But I was not a "Diver.”
Her brow is fit for thrones –
But I had not a crest.
Her heart is fit for home—
I—a Sparrow—build there
Sweet of twigs and twine
My perennial nest.
- F121 (1859) 84
This love poem takes us to three parts of the beloved: her breast, her brow, and her heart. The beloved is a woman and so we think of Dickinson’s passionate and troubled relationship with her once best friend and then sister-in-law, Sue. The poem, however, was sent to Samuel Bowles, a dear friend (often considered to be a man Dickinson loved) and editor of the Springfield Republican newspaper.
Be that as it may, the poem stands on its own. The first lines treat beauty: the beloved deserves pearls but the poet is unable to obtain them. A diver must plunge into the sea, a veiled sexual image that hints at the problem of same-sex love. Divers must also be physically fit and brave – and skilled. The poet would probably be unsuccessful even if she tried. Diving for pearls is not her strength.
The second figure is of the brow – the will and character and intelligence. The beloved is worthy to be a ruler, to have courtiers and subjects, to be afforded the homage due a monarch. But the poet is humble, a common person, not part of the nobility, and thus without a crest or coat of arms. Having thus said that she is unable to add to the beloved’s beauty or her regal nature, the poet then turns to what she can offer.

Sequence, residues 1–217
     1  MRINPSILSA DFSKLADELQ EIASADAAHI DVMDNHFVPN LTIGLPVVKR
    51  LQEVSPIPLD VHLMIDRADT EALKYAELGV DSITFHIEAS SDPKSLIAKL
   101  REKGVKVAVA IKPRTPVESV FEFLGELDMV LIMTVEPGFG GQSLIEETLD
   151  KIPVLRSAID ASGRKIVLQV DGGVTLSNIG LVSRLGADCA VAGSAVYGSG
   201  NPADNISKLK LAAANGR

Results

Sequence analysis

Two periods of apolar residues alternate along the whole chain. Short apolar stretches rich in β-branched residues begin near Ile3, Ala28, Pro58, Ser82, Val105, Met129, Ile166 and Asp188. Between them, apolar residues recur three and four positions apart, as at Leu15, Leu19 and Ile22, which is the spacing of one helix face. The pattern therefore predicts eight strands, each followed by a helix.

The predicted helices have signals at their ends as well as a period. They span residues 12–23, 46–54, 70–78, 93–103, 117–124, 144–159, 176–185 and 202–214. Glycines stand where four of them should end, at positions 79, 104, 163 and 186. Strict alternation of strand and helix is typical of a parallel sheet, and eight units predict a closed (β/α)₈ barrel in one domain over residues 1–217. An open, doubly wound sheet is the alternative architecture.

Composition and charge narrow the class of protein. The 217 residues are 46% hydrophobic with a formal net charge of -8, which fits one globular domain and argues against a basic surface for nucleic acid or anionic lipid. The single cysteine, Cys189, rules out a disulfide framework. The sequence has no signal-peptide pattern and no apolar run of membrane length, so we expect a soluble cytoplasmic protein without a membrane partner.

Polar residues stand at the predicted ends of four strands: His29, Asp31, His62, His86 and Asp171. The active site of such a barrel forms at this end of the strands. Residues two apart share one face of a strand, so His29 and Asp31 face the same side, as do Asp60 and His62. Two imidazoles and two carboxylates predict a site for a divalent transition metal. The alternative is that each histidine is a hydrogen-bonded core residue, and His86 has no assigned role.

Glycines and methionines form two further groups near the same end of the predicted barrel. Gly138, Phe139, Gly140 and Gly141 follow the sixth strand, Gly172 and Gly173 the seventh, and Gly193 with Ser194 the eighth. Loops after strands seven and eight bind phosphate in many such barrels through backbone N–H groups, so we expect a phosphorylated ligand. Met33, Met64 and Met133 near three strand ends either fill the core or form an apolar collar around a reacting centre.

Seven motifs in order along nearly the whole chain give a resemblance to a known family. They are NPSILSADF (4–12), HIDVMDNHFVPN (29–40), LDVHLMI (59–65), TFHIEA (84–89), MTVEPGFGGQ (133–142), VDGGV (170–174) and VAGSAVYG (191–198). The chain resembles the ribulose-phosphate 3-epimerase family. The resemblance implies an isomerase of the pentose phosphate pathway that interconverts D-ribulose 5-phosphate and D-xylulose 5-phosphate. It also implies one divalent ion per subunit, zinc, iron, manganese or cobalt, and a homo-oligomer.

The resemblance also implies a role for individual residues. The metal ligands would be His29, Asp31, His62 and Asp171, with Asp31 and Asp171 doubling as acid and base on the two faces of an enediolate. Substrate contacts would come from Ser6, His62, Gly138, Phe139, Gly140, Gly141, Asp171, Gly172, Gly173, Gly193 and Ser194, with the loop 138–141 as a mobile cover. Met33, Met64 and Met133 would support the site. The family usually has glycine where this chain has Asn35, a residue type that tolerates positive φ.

To do this she turns to the heart, the seat of love and warmth. Here the poet, just a humble “Sparrow,” can make a “Sweet” and “perennial” nest. It’s a very feminine undertaking yet much grander and deeper than offering pearls or a courtier’s allegiance. The last section softens the poem, too. The regal beauty who wears pearls and emblems of nobility is not a particularly warm figure to American readers. But one whose “heart is fit for home” must be essentially a generous and warm woman. And so the little sparrow can build her nest there and come back year after year.
It’s a nice love poem. There are really two stanzas although it is formatted as one. The first describes what the poet cannot offer, and the second describes what she can. The last line of each of these stanzas ends in a rhyme: “crest” and “nest.” The rhyme is particularly apt as several birds have crests and so the first stanza transitions nicely into the second. The poet has no crest not only because she is not a lord or lady but because she is a simple sparrow rather than a fancier crested bird.